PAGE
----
Death of George Floyd in Minneapolis is a Result of Approved Minneapolis Police Training

Discussion in 'Political Issues' started by DonGlock26, Jun 7, 2020.

  1. DonGlock26


    Likes Received:
    Jan 18, 2001
    "Larry C. Johnson: Death of George Floyd in Minneapolis is a Result of Approved Minneapolis Police Training

    By Jim Hoft
    Published June 7, 2020 at 9:30am

    The Minneapolis police officers accused of murdering George Floyd are being railroaded and are likely to be exonerated once the full evidence is presented. This does not mean that I approve of or endorse how the Minneapolis cops handled the situation. But the video that has enraged so many people is very misleading.

    If you are part of the mob ready to lynch Minneapolis police officer Derek Chauvin for the “murder” of George Floyd, you may have to put your rope away. I think Chauvin will be able to prove in court that his use of his knee on the side of the neck of Floyd was a technique he had been trained to use by the Minneapolis Police Department. It is in the training manual and has been on the books for more than eight years. Don’t take my word for it, read it yourself:

    5-311 USE OF NECK RESTRAINTS AND CHOKE HOLDS (10/16/02) (08/17/07) (10/01/10) (04/16/12)


    Choke Hold: Deadly force option. Defined as applying direct pressure on a person’s trachea or airway (front of the neck), blocking or obstructing the airway (04/16/12)

    Neck Restraint: Non-deadly force option. Defined as compressing one or both sides of a person’s neck with an arm or leg, without applying direct pressure to the trachea or airway (front of the neck). Only sworn employees who have received training from the MPD Training Unit are authorized to use neck restraints. The MPD authorizes two types of neck restraints: Conscious Neck Restraint and Unconscious Neck Restraint. (04/16/12)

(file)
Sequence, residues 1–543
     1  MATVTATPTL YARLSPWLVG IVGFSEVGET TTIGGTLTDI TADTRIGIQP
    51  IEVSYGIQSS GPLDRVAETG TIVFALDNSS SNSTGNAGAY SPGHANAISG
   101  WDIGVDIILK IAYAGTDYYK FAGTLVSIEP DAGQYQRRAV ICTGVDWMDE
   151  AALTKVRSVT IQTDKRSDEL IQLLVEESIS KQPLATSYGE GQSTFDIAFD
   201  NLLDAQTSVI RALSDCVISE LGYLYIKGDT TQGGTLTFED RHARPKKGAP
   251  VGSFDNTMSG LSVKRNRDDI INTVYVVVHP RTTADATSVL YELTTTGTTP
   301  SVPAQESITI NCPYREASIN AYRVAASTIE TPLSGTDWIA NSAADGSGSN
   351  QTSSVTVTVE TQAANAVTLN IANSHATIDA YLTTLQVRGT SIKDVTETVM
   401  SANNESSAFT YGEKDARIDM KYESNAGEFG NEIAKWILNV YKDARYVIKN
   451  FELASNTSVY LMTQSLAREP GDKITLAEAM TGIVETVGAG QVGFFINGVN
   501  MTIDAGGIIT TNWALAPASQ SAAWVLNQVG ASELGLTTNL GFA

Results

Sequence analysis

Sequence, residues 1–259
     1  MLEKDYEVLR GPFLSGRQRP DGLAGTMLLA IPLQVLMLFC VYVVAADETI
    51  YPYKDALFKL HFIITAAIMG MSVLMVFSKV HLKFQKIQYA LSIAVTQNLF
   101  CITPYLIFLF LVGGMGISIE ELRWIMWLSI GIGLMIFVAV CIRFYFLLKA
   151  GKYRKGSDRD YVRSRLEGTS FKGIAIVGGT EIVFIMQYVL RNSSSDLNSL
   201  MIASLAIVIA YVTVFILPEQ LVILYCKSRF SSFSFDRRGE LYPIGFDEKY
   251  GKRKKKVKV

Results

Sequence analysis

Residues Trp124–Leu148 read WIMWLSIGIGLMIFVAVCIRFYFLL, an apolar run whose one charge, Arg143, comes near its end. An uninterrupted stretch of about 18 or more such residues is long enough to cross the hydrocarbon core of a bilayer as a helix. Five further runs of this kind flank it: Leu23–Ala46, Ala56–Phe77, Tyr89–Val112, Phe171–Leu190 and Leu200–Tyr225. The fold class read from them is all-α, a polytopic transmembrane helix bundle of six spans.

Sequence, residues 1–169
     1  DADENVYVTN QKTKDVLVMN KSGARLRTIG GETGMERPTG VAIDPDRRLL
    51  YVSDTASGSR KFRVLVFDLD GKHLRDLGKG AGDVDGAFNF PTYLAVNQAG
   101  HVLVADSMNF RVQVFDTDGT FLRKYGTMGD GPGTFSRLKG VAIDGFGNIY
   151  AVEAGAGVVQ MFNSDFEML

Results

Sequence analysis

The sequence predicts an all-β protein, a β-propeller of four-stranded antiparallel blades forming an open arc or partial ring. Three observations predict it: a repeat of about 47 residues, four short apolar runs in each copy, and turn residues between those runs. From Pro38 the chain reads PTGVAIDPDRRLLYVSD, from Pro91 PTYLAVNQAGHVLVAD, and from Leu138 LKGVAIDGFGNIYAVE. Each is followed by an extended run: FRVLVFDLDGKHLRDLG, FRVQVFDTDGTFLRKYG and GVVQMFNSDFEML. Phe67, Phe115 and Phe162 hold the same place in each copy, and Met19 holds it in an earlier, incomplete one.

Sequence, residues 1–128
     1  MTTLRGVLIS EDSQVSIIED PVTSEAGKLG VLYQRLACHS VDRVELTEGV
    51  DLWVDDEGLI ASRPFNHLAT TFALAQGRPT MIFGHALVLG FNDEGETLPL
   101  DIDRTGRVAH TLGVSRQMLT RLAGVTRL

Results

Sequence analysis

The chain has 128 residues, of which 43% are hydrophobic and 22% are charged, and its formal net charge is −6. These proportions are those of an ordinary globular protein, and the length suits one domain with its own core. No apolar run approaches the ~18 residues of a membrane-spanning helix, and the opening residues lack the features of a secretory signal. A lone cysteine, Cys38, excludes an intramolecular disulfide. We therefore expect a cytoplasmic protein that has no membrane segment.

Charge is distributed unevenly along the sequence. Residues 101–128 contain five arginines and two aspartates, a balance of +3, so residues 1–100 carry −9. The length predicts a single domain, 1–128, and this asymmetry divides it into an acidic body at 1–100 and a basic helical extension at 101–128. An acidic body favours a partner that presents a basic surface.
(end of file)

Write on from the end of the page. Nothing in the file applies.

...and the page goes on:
Conscious Neck Restraint: The subject is placed in a neck restraint with intent to control, and not to render the subject unconscious, by only applying light to moderate pressure. (04/16/12)

    Unconscious Neck Restraint: The subject is placed in a neck restraint with the intention of rendering the person unconscious by applying adequate pressure. (04/16/12)


    The Conscious Neck Restraint may be used against a subject who is actively resisting. (04/16/12)

    The Unconscious Neck Restraint shall only be applied in the following circumstances: (04/16/12)
    On a subject who is exhibiting active aggression, or;

    For life saving purposes, or;

    On a subject who is exhibiting active resistance in order to gain control of the subject; and if lesser attempts at control have been or would likely be ineffective.

    Neck restraints shall not be used against subjects who are passively resisting as defined by policy. (04/16/12)

    After Care Guidelines (04/16/12)

    After a neck restraint or choke hold has been used on a subject, sworn MPD employees shall keep them under close observation until they are released to medical or other law enforcement personnel.
    An officer who has used a neck restraint or choke hold shall inform individuals accepting custody of the subject, that the technique was used on the subject.